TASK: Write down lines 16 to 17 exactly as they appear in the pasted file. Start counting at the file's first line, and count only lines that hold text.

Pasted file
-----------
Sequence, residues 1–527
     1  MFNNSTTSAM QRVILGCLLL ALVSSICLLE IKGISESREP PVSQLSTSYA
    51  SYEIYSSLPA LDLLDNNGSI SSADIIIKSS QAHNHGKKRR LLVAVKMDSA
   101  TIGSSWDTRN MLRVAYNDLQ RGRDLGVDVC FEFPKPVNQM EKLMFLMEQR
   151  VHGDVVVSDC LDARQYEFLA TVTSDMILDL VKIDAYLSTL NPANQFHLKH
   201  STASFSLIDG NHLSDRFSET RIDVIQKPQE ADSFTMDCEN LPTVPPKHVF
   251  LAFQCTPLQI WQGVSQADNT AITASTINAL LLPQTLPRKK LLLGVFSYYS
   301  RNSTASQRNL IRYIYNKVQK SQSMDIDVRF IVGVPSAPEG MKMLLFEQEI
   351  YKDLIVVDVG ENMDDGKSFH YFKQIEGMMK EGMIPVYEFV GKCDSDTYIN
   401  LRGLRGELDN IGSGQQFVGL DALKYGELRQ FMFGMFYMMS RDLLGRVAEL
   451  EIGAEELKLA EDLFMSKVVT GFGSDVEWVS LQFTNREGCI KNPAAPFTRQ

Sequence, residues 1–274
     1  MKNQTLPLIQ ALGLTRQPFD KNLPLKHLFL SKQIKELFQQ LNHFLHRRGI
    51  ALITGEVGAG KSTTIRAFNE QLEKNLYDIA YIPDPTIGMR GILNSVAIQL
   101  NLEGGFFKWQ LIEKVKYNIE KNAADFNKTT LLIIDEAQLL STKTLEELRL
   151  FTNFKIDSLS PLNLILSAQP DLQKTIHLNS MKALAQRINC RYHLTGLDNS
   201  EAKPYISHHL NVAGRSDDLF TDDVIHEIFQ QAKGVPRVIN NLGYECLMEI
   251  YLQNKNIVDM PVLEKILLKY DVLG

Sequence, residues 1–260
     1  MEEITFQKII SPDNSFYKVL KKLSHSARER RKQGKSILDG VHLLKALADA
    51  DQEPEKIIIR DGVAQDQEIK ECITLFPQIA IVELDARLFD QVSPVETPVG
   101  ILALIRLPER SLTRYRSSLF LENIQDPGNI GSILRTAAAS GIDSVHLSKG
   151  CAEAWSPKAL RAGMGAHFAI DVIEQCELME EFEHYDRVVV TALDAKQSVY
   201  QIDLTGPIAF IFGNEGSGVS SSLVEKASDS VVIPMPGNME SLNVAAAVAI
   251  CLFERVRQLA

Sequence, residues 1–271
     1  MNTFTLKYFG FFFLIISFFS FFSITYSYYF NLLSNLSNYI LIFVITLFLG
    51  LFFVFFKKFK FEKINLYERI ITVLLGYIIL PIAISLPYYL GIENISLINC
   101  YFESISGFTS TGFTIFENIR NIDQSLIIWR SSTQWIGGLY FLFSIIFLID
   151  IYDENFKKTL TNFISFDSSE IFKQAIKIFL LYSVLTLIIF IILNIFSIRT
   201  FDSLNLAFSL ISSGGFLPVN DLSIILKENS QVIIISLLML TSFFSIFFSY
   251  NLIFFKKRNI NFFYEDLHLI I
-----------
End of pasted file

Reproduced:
   151  FTNFKIDSLS PLNLILSAQP DLQKTIHLNS MKALAQRINC RYHLTGLDNS
   201  EAKPYISHHL NVAGRSDDLF TDDVIHEIFQ QAKGVPRVIN NLGYECLMEI